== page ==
MIAMI (AP)—Scott Olsen threw six innings, pitched a fit and beat the team he hates.
Last September, Olsen said he hated the Phils because they dominated the Marlins. His emotions boiled over in the sixth inning, when he became angry at Chase Utley for calling time just before a pitch.
The next pitch was ball four, and Utley trotted to first base as Olsen angrily shouted and waved his glove at him. In the bottom of the inning, the Marlins totaled four extra-base hits to rally against Cole Hamels.
“If that’s what it takes, I’ll start screaming in the top of the first,” Olsen said.
Olsen said there would be no carry-over with Utley, but the Phillies talked as though they’ll remember the episode.
“There’s not much to say about it,” Utley said. “He got a call he didn’t like. And I didn’t agree with him. … It’s pretty clear a lot of guys don’t like him.”
Miguel Cabrera tripled during the rally by the Marlins, who extended their winning streak to a season-high four games.
Jayson Werth hit his first two home runs of the season for Philadelphia, helping Hamels (6-2) take a 3-1 lead into the sixth. But the left-hander failed in his bid to become the NL’s first seven-game winner, and for the third time in the past week, Philadelphia squandered a chance to climb above .500 for the first time.
Hamels acknowledged he took the mound mindful of Olsen’s remark about hating the Phillies.
“I don’t take comments like that lightly,” Hamels said. “I wanted to beat him especially. I know a lot of guys on our team don’t like him.”
Hamels, who had won his past four outings, struck out eight but allowed five runs in six innings, hiking his ERA to 3.67. A defensive lapse hurt—center fielder Aaron Rowand could have caught Cabrera’s triple, but he took a circuitous path to the ball and let it sail over his head.
“I misjudged it,” Rowand said. “I feel like it’s my fault we lost the game. I should have taken a deeper route.”
Olsen (4-3) allowed three runs in six innings for his first win in the past four starts. Three relievers combined to retire all nine batters they faced, with Kevin Gregg pitching the ninth for his fourth save in as many chances.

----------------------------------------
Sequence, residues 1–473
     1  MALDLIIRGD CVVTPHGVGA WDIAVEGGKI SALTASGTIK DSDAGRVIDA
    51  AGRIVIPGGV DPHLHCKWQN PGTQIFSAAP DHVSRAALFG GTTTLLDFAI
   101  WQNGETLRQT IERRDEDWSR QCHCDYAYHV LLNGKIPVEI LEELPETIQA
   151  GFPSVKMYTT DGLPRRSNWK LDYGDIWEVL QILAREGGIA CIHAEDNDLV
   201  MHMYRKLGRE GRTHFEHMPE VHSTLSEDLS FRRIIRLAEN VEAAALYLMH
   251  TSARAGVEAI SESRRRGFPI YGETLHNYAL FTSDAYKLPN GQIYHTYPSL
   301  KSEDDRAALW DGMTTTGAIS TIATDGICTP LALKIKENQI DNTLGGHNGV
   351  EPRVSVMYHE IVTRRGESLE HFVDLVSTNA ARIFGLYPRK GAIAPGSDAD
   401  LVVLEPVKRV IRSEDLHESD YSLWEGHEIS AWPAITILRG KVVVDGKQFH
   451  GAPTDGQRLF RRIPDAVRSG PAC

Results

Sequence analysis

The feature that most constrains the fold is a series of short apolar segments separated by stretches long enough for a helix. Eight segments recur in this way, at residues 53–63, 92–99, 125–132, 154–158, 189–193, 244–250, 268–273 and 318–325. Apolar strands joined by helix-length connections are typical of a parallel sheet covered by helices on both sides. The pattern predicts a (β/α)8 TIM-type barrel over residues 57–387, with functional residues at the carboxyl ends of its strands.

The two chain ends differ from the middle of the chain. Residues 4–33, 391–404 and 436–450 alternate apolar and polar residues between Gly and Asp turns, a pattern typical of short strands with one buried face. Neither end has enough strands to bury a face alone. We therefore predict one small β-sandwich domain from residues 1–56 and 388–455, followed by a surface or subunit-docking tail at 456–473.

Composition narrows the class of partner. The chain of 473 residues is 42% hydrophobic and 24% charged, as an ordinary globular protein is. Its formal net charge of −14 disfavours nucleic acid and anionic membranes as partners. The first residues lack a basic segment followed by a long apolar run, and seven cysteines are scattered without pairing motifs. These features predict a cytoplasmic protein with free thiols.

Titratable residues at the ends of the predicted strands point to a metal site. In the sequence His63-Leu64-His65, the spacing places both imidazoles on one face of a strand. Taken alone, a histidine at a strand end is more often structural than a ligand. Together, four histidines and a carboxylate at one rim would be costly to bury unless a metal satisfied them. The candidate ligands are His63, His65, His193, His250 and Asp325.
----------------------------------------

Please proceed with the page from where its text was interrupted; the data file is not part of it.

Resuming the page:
Olsen’s problems with Utley started in the third. Utley called time and Olsen delivered anyway—to the backstop.
“I threw it to the screen on purpose, to avoid everybody,” Olsen said. “You don’t want to stop when your arm’s moving. You might cause an injury. So I just threw it 20 feet above everybody, and everybody is safe.”
When Utley again called time with Olsen ready to throw in the sixth, the pitcher began to fume. After he shouted at Utley, pitching coach Rick Kranitz went to the mound to settle Olsen down.
“You can’t let the hamster fly off the wheel,” manager Fredi Gonzalez said. “For whatever reason, he got a little upset there. We were kind of laughing it off in the dugout a little bit, if you knew Olsen like we know him. …
“You can’t take his emotions away from him, but you’ve got to make sure he’s channeling them in the right way.”
While Olsen’s teammates may have been laughing, their rally began shortly after his outburst.
“I don’t know if it helped, but after that we got a big inning,” Cabrera said.
Hamels retired nine in a row before Hanley Ramirez doubled off the scoreboard to start the sixth. Cabrera tripled and continued home with the tying run when Utley’s errant relay throw went into the dugout.
Jason Wood pinch-hit for Olsen, and his two-run double put Florida ahead to stay.
“When you lose a tough one like this, it’s something that you dwell on,” Hamels said, “because you know you had it.”
Cabrera is batting .467 (14-for-30) against the Phils this season. … Cheap trees? Olsen broke his bat fouling off a bunt attempt. … Werth’s two-homer game was the third of his career. … Olsen has allowed nine homers in 56 2-3 innings. … Marlins RHP Henry Owens, rehabbing a shoulder injury, threw one hitless inning Tuesday for Single-A Jupiter against Tampa.